I'll begin this by saying I like Tampa Bay Rays manager Joe Maddon. I enjoy his taste in glasses. We both take One-A-Day multivitamins. I think baseball is a better sport for having him in the dugout.
Too many managers go by the book when applying strategy to a ballgame, using that book to cover their rears if and when a decision backfires. ("Hey, I did what any other manager would do!") Maddon isn't afraid to challenge conventional thinking and try something different if it gives his team an advantage.
Furthermore, Maddon provides some personality and color to the game. I love the dress-up themes his team takes on the road. He doesn't resort to platitudes and cliched answers when talking to the press, as so many of his peers do.
Maddon gives honest answers and, in doing so, provides some genuine insight in his postgame remarks.
Having said all that, I think Maddon is full of it for pouting about Davey Johnson ratting out Joel Peralta for using pine tar during the Rays' victory over the Washington Nationals on Tuesday night.
According to Maddon, the Nats manager broke another one of baseball's unwritten rules by asking home plate umpire Tim Tschida to check Peralta's glove for pine tar. What made Johnson's inquiry especially offensive in Maddon's eyes is that he was using inside information, likely obtained when Peralta pitched for the Nationals in 2010.
Was Johnson a tattletale? Sure, you could say that.
Resorting to such measures to try and gain an advantage, rather than beating Peralta by employing information from scouting reports and swinging the bats against him is a bit unseemly. You might even use the five-letter word describing feline characteristics that Maddon chose to use—twice—in postgame comments about Johnson.
Maddon absolutely did the right thing in sticking up for his player and making sure Peralta isn't singled out as a cheater from here on out. It's yet another reason why Maddon is one of the best managers in baseball and has the respect of players throughout baseball.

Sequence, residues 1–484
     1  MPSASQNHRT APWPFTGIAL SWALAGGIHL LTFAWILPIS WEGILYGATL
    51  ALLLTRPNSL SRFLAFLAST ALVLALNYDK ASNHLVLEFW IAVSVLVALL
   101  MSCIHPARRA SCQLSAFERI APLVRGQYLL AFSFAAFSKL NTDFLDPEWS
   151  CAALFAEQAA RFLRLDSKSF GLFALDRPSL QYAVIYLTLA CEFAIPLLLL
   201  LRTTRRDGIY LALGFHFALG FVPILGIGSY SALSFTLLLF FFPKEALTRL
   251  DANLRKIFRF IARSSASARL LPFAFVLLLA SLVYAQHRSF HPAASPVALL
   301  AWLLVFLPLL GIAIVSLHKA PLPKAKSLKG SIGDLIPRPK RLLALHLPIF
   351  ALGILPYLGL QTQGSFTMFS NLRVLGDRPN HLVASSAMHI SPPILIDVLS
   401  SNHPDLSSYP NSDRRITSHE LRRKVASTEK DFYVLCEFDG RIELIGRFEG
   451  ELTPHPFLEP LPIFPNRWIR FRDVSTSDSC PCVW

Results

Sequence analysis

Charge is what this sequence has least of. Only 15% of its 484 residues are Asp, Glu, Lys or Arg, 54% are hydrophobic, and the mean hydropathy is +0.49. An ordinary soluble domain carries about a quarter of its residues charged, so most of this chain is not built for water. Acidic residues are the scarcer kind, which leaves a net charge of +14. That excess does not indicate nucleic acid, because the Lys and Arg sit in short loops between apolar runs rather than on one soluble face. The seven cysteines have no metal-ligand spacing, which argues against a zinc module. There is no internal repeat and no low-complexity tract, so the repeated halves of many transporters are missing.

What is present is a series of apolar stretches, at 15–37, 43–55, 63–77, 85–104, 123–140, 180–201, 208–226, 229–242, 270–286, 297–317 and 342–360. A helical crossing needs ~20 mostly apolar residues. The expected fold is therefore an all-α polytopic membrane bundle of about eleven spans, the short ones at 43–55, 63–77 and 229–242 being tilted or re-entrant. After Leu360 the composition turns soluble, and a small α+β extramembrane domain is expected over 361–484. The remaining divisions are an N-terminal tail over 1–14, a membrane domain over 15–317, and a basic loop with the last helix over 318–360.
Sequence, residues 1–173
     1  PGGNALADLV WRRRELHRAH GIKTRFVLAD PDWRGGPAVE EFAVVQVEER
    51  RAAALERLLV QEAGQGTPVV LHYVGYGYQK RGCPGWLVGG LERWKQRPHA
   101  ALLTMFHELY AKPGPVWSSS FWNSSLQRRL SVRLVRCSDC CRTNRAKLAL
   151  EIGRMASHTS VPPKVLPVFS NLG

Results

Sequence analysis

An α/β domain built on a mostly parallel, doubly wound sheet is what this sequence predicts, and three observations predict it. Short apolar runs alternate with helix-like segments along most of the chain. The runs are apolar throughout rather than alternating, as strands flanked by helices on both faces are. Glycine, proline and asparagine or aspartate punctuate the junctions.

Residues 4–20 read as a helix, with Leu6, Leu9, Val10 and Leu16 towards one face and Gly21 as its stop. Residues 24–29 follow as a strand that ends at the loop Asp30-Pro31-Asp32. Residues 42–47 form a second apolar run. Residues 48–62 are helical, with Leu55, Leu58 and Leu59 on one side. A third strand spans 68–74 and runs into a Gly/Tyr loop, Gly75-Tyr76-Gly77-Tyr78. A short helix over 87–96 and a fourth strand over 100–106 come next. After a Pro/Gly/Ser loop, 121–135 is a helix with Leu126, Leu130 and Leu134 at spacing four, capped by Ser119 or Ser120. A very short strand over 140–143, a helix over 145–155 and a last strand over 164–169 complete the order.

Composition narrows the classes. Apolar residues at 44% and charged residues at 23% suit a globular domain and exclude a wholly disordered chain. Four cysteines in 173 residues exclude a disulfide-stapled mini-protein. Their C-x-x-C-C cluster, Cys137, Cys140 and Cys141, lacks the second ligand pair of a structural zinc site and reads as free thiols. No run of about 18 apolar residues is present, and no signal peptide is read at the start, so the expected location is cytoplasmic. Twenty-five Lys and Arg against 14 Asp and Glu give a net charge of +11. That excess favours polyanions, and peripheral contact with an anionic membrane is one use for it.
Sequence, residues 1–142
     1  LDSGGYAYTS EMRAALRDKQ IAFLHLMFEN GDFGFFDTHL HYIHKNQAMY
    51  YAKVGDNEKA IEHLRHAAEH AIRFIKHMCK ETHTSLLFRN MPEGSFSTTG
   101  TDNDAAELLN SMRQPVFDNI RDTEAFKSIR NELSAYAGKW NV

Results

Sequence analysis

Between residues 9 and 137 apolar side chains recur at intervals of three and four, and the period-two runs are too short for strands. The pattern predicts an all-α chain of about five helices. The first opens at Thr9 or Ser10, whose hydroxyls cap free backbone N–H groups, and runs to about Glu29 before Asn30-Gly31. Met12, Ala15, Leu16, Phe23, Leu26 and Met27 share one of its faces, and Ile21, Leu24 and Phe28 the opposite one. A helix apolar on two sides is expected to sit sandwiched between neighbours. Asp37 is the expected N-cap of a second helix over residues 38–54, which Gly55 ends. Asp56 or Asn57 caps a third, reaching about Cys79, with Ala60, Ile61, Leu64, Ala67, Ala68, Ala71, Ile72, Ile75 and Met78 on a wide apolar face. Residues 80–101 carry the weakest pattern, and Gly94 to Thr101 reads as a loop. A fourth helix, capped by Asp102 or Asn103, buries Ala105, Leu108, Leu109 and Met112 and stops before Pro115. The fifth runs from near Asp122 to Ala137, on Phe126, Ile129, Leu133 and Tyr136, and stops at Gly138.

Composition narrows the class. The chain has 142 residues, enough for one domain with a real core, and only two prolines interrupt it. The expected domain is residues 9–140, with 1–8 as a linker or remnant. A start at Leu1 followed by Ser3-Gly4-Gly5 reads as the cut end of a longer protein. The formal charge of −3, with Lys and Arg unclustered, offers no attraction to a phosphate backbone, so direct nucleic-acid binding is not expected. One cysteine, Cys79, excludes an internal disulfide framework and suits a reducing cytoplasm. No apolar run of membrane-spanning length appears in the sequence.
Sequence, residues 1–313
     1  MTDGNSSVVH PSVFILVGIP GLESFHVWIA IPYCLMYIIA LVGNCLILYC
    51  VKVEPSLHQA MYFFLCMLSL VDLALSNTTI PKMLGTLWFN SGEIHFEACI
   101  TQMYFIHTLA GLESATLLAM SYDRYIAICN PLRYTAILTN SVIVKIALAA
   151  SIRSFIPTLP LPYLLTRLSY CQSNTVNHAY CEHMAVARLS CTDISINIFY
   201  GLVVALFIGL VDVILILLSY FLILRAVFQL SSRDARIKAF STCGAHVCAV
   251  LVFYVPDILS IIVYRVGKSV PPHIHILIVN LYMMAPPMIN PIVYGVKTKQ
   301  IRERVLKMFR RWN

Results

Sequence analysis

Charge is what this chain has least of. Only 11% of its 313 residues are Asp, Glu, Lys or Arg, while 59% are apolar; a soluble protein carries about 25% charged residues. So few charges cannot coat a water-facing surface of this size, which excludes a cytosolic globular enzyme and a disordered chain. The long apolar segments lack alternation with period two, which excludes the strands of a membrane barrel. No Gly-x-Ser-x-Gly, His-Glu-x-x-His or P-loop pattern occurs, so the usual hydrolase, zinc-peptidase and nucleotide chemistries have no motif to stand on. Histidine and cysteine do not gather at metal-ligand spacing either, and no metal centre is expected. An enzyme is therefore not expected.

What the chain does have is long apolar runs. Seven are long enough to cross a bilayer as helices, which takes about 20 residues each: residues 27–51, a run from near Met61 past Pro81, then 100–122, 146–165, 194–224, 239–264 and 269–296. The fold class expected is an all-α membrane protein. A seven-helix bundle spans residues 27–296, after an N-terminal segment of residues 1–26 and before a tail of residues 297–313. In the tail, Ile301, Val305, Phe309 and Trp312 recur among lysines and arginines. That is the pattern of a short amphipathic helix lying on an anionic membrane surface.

But if the situations were reversed, would Maddon do the same thing if he thought it would help the Rays win a ballgame? It's obviously speculation on my part, but I'm guessing that he'd do it. And many Maddon lovers would applaud the fact that he refused to play by baseball's obscure, arbitrary draconian unwritten rules.
If Maddon felt so strongly about this, why did he retaliate by asking Tschida to check Ryan Mattheus' glove?
Was this an attempt by Maddon to demonstrate how silly Johnson was to rat out Peralta? Was he trying to emphasize the belief that many pitchers use pine tar to get a grip on the ball? And was Maddon really just trying to prove a point when he waited until there were two outs in the inning to have Mattheus checked?
Whatever the reason, Maddon just looked petulant—especially when Mattheus' glove checked out clean. He looks more like a guy who was mad because he was caught.
If Johnson did violate some sort of code, he'll have to answer for it eventually.
Maddon is probably right when he says that Nationals pitchers, according to MASN's Pete Kerzel, probably aren't too happy that a fellow pitcher's mischievous tactics were exposed by their own manager. If any Nats pitchers use pine tar, they'd better do a good job of hiding it from now on.
But Johnson also has 16 years of big-league managerial experience on his resume and is probably wondering who appointed Maddon the arbiter of baseball's unwritten rules.
Did Johnson realize he was managing against Abner Doubleday on Tuesday night? And oh, by the way, Johnson has done this before, as Jason Collette pointed out on Twitter. Baseball somehow managed to move on.
Give Maddon this: He certainly knows how to keep the game interesting. The next two games of this series between the Rays and Nationals ought to be very intriguing.
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